It is telling that when he berates inequality, Obama’s complaint has more to do with its economic consequences than its injustice. And, even then, his indictment leaves the class-biases of his neoliberal economic commitments untouched.
The problem our political leaders acknowledge is that with unemployment and underemployment rampant and with real wages stagnant or in decline, not enough people have enough cash to keep the demand for goods and services high.
Up to a certain point, the few who own almost everything can benefit from this situation by outsourcing jobs and otherwise cutting labor costs. They can then keep consumers happy enough to acquiesce by assuring ample supplies of cheap goods made abroad.
But this cannot go on forever. In time, with the “middle class” in decline and poverty on the rise, even “malefactors of great wealth,” as we should take to calling them again, will have trouble enriching themselves further.
This is how matters currently stand. Despite the best efforts of Wal-Mart and other low wage schlock emporia, the military, the Treasury and the Federal Reserve, there is just not enough money in consumers’ hands to sustain even obscenely unbalanced growth.
For the one percent to continue accumulating riches at the levels to which they have become accustomed, Third World labor, military spending, and paper wealth, unrelated to the real economy, are not enough; domestic consumer markets need a boost.
On the right – or righter – side of the political spectrum, the inclination is to blame the victim; to trot out the old “culture of poverty” arguments again.
However this time around, even many Republicans understand, as best they can, that the ambient political economy helps shape and sustain the cultural disabilities they decry.
Whether they realize it or not, they therefore implant themselves on the terrain Obama staked out in his State of the Union message. It had to happen someday; Democrats have been implanting themselves on Republican terrain for decades.
Therefore the question for everyone – except perhaps Ayn Rand followers and other doctrinaire libertarians – is what should the government do?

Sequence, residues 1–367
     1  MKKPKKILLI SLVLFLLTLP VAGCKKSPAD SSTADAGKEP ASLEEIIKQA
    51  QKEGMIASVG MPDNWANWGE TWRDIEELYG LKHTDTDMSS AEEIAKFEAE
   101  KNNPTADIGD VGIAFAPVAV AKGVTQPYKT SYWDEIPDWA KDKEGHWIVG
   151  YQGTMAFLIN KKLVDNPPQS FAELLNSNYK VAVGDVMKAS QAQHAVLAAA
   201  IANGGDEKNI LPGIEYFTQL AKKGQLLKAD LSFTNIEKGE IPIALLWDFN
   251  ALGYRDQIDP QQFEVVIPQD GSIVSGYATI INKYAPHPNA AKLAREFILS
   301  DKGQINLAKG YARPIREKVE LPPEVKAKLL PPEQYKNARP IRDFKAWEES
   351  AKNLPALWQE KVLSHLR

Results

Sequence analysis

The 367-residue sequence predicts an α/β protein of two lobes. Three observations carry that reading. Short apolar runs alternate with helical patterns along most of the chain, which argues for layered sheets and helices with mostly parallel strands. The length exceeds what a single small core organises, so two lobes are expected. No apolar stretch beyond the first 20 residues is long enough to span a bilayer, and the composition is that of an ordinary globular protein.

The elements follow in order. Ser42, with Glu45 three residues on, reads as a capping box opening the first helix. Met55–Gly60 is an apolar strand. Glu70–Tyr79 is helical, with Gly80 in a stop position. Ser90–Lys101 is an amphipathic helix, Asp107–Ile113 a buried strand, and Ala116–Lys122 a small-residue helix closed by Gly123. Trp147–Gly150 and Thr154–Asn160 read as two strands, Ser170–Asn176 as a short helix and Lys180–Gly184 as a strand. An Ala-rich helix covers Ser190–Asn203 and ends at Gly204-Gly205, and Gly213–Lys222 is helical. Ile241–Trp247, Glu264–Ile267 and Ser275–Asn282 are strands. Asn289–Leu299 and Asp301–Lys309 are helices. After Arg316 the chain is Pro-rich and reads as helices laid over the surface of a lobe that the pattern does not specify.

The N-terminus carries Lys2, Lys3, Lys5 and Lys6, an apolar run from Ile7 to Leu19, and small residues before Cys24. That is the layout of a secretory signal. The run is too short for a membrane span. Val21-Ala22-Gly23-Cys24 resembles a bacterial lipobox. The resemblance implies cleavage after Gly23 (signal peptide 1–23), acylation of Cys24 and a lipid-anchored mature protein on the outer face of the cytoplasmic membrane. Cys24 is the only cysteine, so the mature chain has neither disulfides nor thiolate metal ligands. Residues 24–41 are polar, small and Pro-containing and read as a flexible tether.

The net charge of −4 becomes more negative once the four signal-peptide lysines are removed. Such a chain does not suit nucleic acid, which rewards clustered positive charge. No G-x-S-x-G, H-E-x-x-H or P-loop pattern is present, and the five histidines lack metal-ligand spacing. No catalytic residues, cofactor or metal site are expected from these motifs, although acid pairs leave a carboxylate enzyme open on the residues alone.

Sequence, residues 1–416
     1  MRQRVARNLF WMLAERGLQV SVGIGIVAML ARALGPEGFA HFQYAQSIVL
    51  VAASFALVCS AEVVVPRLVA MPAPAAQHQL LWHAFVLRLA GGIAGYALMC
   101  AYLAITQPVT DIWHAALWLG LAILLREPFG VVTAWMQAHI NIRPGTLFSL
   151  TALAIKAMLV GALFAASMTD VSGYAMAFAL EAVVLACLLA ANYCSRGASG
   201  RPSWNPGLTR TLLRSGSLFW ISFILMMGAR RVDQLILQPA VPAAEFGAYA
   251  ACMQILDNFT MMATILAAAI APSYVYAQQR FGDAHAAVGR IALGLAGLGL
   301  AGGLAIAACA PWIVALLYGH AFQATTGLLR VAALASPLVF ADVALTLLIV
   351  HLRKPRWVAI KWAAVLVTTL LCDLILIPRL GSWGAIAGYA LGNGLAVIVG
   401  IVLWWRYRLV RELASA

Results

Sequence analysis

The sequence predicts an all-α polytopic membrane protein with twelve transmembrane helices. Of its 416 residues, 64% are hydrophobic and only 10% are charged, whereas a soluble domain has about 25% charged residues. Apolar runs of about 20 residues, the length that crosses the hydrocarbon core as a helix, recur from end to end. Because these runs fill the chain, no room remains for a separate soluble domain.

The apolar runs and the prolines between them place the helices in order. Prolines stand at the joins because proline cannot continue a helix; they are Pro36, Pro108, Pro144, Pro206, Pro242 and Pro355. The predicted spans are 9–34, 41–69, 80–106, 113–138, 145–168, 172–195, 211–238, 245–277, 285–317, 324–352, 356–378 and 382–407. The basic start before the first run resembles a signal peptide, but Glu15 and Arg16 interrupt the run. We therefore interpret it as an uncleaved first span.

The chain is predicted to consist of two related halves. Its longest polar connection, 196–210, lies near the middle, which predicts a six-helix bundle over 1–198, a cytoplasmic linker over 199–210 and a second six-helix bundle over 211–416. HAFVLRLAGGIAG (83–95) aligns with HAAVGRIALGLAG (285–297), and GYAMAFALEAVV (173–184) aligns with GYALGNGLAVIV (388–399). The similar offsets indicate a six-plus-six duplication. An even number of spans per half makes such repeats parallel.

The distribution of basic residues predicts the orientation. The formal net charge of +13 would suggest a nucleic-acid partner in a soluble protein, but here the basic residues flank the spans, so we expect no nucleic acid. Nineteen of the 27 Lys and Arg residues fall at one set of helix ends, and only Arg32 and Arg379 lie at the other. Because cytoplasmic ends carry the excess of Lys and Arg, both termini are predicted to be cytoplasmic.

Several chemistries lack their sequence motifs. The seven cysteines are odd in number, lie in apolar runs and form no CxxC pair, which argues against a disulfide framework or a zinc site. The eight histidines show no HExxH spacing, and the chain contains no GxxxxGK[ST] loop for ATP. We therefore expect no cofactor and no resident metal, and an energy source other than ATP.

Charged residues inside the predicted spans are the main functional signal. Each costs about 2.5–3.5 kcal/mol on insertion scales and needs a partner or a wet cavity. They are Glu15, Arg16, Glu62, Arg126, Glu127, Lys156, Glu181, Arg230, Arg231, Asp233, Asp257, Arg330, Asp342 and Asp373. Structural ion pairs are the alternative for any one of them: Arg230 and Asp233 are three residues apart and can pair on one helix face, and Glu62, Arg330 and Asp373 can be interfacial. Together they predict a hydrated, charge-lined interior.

This is not quite the same as asking what will the government do? We know the answer to that: with Obama in charge, it won’t do much of anything – once the words are spoken and the gestures made.
In the past, in many instances, Obama’s words and gestures, if followed up with action, might indeed have led to substantive changes. Some of them might even have been changes for the better.
This time around, however, his words and gestures are void of substance. Therefore, when he goes on to do not much of anything by way of follow up, little, if anything, will be lost.
Tuesday night’s histrionics notwithstanding, this is plain from even a cursory reflection on what equality involves — conceptually and historically.
The religious and philosophical traditions that shaped the thinking of the first proponents of equality some four centuries ago upheld the idea that persons are equal – in ways that matter theologically or philosophically. But these traditions were not taken to imply that political, social or economic institutions should treat persons equally.
For example, the medieval Church held that lords and serfs harbor souls that God loves equally. But no one took this to imply anything about equal treatment for lords and serfs.
Indeed, the predominant view was that it would be “unnatural” and therefore wrong or contrary to God’s will were members of different social classes treated the same way.
This conviction began to weaken as traditional social solidarities gave way to instrumental social relations based on market mechanisms, and as popular aspirations came to be articulated in terms of fundamental “rights.”
By the time of the French and American Revolutions, the idea that persons living in the same political communities are all equal as citizens – in other words, that basic legal and political rights should be distributed equally – was widely endorsed in enlightened circles on both sides of the Atlantic. In due course, the whole world followed suit.
But what was proclaimed in theory was – and still is – often denied in practice.
In the United States early on, only free white men had full legal rights; indeed, many Americans were slaves. And it took almost two centuries for all citizens – regardless of wealth, gender or race – to gain full voting rights.
Remarkably, even that achievement is now under attack as Republicans, seeking electoral advantage, invoke the possibility of electoral fraud as a pretext for suppressing voter turnout in communities, mostly poor or of color, where Democrats have an advantage.
In the United States today, the unequal distribution of political rights is pervasive and systemic. Indeed, there has probably has never been a time when there has been less equality of political influence even for those who are able to vote without impediment. This is because unequal wealth has spilled over into unequal political rights to an unprecedented extent.